- Executables forms other than "single file".
4. Support for C extensions.
@CHB, @Barnwell I haven't replied in full to a previous email of Mr Moore, but the no support for C extensions is a crucial point for packaging. If the stdlib has to support a packaging tool, it has to not provide support for C extensions.
It has to do with the nature of Python. The indecisiveness of to include or not C extensions halted the packaging issue. Python is very backwards (in terms of packaging) compared to where it should have been given it's maturity and adoption index. C is not in the spirit of Python. Currently, the only tool included in the stdlib for packaging is Zipapps. As such i am 100% for Zipapps not to include C extensions and to be in a single file. This is in the spirit of packaging for VM-based languages. In other words we must enhance Zipapps as far as possible. The branding of language X runs on billions of devices is as true as it is for Python. We just have to enhance Zipapp more.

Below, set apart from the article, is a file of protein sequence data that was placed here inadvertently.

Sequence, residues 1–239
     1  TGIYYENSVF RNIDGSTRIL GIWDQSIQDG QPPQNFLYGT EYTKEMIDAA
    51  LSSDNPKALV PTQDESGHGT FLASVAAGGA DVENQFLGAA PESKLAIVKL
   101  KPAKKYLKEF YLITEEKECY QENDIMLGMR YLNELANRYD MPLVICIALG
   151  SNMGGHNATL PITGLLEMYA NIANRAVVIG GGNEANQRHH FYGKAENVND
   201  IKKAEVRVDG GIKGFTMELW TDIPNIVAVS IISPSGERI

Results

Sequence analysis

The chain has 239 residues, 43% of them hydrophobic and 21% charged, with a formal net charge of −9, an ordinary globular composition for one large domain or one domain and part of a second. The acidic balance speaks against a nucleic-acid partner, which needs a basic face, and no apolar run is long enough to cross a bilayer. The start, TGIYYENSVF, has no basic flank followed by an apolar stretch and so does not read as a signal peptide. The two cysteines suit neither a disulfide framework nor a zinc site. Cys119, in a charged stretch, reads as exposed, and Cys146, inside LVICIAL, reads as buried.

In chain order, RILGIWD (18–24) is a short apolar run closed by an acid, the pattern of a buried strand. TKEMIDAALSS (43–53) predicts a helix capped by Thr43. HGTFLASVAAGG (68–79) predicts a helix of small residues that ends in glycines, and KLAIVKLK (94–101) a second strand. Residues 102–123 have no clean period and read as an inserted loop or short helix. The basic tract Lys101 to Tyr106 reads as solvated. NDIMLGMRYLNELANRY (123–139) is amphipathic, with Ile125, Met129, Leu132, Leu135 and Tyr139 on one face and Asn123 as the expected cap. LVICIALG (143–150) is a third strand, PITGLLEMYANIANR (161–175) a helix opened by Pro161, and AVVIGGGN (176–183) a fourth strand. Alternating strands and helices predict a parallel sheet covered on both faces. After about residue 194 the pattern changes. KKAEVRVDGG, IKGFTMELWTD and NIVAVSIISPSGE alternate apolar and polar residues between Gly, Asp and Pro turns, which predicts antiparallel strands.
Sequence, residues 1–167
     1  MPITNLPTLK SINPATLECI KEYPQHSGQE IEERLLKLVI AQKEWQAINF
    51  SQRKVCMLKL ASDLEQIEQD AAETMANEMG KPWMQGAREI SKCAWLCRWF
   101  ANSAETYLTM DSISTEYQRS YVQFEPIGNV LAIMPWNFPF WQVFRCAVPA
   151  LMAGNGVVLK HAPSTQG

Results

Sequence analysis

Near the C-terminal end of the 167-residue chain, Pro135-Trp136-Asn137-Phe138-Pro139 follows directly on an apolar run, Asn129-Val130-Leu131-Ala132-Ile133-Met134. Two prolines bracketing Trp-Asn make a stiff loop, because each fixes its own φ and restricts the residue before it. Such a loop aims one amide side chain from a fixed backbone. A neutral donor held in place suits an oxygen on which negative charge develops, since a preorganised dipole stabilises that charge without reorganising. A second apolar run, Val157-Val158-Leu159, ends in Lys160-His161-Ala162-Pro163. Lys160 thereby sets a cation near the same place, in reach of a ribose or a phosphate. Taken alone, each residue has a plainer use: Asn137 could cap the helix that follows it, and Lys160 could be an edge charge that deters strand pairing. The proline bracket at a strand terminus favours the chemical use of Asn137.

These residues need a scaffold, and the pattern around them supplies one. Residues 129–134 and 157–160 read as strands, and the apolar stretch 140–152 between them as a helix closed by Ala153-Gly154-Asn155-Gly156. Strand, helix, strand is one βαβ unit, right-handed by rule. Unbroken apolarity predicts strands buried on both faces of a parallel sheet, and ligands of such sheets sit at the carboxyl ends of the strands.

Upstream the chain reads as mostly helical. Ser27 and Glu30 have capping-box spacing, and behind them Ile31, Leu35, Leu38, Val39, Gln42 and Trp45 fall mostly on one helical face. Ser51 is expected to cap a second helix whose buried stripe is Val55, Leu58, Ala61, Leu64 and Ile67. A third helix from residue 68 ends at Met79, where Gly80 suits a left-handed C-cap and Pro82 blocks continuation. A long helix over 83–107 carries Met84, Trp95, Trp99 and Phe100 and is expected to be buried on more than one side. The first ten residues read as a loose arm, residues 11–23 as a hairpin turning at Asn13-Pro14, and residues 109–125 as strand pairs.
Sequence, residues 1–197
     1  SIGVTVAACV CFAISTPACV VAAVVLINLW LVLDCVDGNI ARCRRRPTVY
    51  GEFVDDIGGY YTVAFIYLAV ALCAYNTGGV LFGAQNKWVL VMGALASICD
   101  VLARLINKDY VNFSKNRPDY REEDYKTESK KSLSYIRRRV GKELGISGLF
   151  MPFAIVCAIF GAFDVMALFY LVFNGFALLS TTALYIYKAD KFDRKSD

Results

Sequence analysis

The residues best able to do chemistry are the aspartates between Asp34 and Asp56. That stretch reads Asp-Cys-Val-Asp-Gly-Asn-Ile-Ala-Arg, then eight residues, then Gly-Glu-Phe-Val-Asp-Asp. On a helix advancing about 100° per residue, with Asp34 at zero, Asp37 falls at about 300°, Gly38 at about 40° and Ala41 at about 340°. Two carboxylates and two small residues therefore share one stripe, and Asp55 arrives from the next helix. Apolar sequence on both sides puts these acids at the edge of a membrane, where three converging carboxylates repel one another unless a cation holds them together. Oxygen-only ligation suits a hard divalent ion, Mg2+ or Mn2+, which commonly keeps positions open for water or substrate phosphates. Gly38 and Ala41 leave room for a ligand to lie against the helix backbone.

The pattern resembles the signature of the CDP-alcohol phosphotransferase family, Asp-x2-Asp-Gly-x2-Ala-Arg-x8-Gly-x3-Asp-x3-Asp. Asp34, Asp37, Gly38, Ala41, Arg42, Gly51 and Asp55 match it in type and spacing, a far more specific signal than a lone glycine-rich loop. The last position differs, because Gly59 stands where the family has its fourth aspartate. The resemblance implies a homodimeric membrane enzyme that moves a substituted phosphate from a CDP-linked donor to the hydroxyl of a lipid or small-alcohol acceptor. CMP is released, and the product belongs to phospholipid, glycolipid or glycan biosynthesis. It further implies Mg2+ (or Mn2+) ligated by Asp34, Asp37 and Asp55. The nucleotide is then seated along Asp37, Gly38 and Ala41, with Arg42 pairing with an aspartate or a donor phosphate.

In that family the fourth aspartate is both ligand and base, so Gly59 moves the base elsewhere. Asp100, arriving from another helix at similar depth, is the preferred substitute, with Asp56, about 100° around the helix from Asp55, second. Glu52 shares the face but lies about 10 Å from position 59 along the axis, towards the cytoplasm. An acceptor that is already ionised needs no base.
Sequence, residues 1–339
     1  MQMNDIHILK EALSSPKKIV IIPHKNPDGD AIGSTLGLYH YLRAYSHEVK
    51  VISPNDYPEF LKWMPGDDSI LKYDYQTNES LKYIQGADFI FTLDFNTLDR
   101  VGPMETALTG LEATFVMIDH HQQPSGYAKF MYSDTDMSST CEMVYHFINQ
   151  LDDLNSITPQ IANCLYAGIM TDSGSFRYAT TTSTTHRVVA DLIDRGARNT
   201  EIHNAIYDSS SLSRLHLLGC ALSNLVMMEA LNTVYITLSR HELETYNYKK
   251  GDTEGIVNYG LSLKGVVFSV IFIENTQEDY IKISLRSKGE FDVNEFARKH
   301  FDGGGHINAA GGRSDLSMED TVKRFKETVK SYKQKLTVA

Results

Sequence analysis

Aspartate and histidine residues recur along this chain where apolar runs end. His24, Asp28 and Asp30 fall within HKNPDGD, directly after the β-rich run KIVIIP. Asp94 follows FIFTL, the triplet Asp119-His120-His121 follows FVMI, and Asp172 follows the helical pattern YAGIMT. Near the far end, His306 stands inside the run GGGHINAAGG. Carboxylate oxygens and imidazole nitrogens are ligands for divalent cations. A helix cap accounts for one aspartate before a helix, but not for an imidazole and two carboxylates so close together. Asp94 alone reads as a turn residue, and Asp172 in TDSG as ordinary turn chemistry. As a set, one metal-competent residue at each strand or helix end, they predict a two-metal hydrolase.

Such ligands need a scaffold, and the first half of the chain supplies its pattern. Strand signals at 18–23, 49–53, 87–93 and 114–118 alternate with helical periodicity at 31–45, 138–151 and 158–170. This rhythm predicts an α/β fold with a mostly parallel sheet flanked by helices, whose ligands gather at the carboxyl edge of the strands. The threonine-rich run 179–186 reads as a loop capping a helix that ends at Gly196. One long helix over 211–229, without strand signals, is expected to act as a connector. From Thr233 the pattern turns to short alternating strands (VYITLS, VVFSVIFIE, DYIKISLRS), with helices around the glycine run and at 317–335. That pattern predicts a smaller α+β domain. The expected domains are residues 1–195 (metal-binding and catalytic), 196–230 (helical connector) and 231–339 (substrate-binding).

- Single files: one must be aware has some severe limitations such as you cannot pack sqlite dbs and save your changes. You can only read data. This applies not only for Zipapps but also for .exe and even jar files. You have to include the path to the resources. This is a reasonable choice. This is why many projects has the structure:
folder1/ folder2/ folder3/ main_compressed_entry_point
The resources are expressed as relative paths and the tool, much like PyInstaller does, gives you your project with codefiles compressed while keeping such a structure
- C extensions: Everybody is welcomed to find ideas on how to execute C extensions while maintaining a Zipped state. In the lack of such a solution, it's better to Zipapps to leave it out.
That's why including the ability to have native executables is a must for Python. Python is different from other languages in the sense that for a dynamic lang, it has close ties with C which gives it fearful powers.
To sum up: For pure Py projects, use Zipapps. For projects including C-extensions use the tool for native executables.